A: It depends. Did the six original owners take title as joint tenants with right of survivorship? If so, then the entire property belongs to the survivor. It would be surprising if that were the case, but not unheard of. You need to sit down with an attorney who can examine the title to the property so you know where you stand.
A: I expect the answer to your question lies within the language of the insurance policy itself. You would need to meet with an attorney and have him or her review the documents in question. If you are on good footing and the insurance company is in the wrong, then you will probably need to open an administration of the deceased beneficiary's estate through the probate court and have a qualified person appointed as administrator or executor in order to pursue the estate's claims against the insurance company.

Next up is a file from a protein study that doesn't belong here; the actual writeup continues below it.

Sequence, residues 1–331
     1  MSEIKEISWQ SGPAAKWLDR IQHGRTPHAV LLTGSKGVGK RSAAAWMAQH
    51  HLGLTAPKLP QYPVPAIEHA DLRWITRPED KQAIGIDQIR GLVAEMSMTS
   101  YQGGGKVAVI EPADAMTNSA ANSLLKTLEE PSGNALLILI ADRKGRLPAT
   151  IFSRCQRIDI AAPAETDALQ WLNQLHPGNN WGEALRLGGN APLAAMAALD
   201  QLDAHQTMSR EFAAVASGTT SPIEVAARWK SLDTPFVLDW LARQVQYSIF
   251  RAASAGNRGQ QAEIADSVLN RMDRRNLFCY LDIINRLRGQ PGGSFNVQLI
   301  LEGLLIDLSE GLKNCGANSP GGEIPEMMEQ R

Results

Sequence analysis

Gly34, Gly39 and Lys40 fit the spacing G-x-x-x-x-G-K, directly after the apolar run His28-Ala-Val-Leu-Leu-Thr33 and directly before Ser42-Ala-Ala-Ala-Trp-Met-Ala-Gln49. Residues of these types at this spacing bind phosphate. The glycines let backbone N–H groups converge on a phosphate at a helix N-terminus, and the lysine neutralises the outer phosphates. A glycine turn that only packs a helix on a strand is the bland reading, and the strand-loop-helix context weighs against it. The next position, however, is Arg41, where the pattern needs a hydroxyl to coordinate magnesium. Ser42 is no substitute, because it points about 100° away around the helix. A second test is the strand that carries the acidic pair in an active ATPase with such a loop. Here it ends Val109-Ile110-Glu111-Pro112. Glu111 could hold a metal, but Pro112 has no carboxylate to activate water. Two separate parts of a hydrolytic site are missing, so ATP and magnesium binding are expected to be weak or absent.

A: If your mom left no Will, and the house is titled in her name, then it is inherited by her heirs. Her heirs would include her spouse if she was married at the time of her death, as well as her descendants. These are broad strokes. Exactly who receives what and in what proportion depends on more facts than I have available to me here. I suggest you take the most recently recorded deed to the property, your mother's death certificate, and meet with a local probate attorney who can advise you further.